US House committee approves bill to curb doorstep mail delivery
The Oversight Committee of the US House of Representatives approved a bill yesterday that would end doorstep delivery for about 15m households in the United States in the next decade. The move, which would echo the strategy already being implemented across the border in Canada, could save the US Postal Service about $2bn in operating costs each year according to the Republicans who control the House.
It would require those homes receiving mail at the doorstep to have items delivered either to a roadside mailbox or a community mailbox.
The Secure Delivery for America Act (H.R. 4670) was passed by the committee along party lines yesterday, and now requires a vote by the full House of Representatives.
The bill is not the comprehensive postal reform that the US Postal Service has been craving for so many years, while its cumulative annual losses have reached well into eleven figures.
But it is thought that Congress could have a better chance of passing crucial postal reforms through a strategy that is not all-or-nothing.
House Republicans said the bill would achieve some cost savings without ending Saturday mail delivery, which has been opposed by Democrats.
The Oversight Committee chairman Darrell Issa said yesterday that the bill was a step towards helping the Postal Service cut its operating costs.
“While the Secure Delivery for America Act will not replace a comprehensive overhaul that the United States Postal Services requires to become financially solvent, it provides an interim opportunity to achieve some significant cost savings,” said the Republican Congressman from California.
“Modest moves away from door delivery to secure clusterbox and curbside delivery would save the Postal Service billions while offering customers new benefits.”
The oversight committee’s majority party said it costs the Postal Service $380 a year to provide a single address with doorstep delivery, compared to $240 for curbside delivery and $170 for delivery to a community mailbox.
The committee said at the moment, 55m addresses in the US have kerbside service, 40.5m addresses use a centralised mailbox, and 37.7m addresses have mail delivered to the door.
The committee’s bill would convert about 1.5m homes away from doorstep delivery each year over 10 years. Residents with mobility issues who need doorstep delivery would receive temporary or permanent exemptions from conversion.
Yesterday, mail industry group the Association for Postal Commerce (PostCom) wrote to Issa to give its backing to his bill.
PostCom president Gene Del Polito said the bill’s proposals would appear to cut Postal Service operating costs without having to change from six-day-a-week to five-day-a-week mail delivery.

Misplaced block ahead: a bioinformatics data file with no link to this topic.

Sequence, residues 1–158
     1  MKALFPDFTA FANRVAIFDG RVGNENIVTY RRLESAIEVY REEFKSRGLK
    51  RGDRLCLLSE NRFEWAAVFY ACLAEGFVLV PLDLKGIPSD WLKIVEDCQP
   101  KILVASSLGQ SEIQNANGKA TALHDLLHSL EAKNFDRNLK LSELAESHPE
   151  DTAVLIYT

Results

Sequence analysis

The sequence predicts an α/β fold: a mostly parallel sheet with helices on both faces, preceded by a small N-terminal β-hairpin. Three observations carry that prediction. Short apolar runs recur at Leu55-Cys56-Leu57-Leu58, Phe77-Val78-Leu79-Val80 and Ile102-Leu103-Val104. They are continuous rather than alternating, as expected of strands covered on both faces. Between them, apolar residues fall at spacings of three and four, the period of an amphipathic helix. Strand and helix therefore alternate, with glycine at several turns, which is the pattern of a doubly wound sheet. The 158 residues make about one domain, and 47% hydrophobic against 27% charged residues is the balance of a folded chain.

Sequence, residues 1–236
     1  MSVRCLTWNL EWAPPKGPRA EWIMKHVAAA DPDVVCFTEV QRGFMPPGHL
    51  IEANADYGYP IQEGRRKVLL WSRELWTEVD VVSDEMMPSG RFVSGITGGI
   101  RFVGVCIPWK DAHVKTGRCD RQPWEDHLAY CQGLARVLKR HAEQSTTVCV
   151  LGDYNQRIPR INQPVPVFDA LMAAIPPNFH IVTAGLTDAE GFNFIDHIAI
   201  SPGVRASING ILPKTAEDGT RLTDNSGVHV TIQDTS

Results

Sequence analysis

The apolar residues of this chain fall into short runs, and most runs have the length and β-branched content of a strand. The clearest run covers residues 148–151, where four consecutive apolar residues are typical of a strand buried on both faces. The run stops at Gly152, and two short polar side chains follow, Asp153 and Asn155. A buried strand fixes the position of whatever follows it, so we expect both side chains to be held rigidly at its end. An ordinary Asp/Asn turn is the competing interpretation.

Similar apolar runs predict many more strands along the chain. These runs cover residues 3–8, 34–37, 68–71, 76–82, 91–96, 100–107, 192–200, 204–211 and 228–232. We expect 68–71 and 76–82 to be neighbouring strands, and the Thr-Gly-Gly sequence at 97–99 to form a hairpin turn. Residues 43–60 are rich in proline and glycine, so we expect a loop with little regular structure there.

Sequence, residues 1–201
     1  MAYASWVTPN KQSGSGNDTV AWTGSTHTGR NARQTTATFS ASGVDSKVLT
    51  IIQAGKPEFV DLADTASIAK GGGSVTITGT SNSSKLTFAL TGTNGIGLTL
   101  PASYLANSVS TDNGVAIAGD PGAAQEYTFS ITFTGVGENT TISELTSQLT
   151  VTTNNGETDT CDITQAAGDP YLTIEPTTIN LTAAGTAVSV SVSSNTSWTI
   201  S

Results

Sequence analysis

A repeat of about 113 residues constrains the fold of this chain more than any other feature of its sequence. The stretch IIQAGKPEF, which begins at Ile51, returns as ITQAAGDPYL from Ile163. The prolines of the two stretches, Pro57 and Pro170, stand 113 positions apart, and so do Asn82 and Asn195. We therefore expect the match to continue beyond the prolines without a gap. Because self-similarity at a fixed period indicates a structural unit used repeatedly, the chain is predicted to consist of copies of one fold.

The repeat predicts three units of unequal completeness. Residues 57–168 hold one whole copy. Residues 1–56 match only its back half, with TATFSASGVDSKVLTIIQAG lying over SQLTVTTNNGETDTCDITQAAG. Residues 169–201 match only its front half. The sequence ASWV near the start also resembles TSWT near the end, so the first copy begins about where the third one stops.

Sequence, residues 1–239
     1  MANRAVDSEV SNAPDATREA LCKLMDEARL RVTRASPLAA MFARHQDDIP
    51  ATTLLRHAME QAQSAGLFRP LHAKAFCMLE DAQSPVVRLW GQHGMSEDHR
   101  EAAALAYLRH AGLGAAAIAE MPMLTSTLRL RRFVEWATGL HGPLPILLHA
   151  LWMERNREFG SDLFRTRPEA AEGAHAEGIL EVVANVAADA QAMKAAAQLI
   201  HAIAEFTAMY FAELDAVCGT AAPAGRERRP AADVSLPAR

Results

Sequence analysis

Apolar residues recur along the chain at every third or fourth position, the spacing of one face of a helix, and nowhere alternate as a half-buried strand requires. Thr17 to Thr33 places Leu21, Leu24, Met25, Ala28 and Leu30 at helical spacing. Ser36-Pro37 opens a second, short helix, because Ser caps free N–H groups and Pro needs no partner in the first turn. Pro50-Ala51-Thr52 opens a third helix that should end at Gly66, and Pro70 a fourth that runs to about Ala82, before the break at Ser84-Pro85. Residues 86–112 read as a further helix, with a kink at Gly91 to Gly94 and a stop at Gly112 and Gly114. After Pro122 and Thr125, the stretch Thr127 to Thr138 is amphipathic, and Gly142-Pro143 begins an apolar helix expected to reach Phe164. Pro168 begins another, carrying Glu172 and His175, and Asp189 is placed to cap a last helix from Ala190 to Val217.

He also backed the oversight committee in seeking to pass postal reform one step at a time, rather than all at once.
Del Polito said: “Comprehensive postal reform has proven to be a tough row to hoe. Addressing reform in more palatable bits and bites might prove a more successful way to enact reform measures that are needed to ensure the preservation of a cost-efficient, universal mail service without the encumbrances so often associated with the many wants (unaffordable as they may be) that are often the focus of others.”
The postal unions have been continuing to oppose the Oversight Committee’s proposals for reform.
The National Association of Letter Carriers described the bill as “irresponsible”, with its president Frederic Rolando stating that it “simply ignores reality”.
Rolando said the bill “misses the point” by failing to address the congressional mandates for the Postal Service to pay billions to the federal government each year to fund future retiree healthcare benefit liabilities.
He said instead, the Secure Delivery for America Act was cutting mail services in a move that would “inconvenience millions of Americans and small businesses”, driving revenue out of the system.
“Lawmakers should fix what they broke, not break what’s working,” said Rolando.
The National Association of Postal Supervisors said that as well as failing to address the “massive burden” the Postal Service faces from its pre-funding mandate, Congressman Issa’s bill provides no funding for the Postal Service to install hundreds of thousands of curbside mailboxes and centralised community mailboxes.
“These up-front costs will only drag down the Postal Service’s finances further,” said NAPS president Louis Atkins.
“At the current time, all new residential development construction provides for the installation of centralised mail delivery, and there are voluntary provisions for the conversion of door and curb delivery to centralized delivery. This should remain the governing approach until Congress musters the will to undertake comprehensive postal reform.”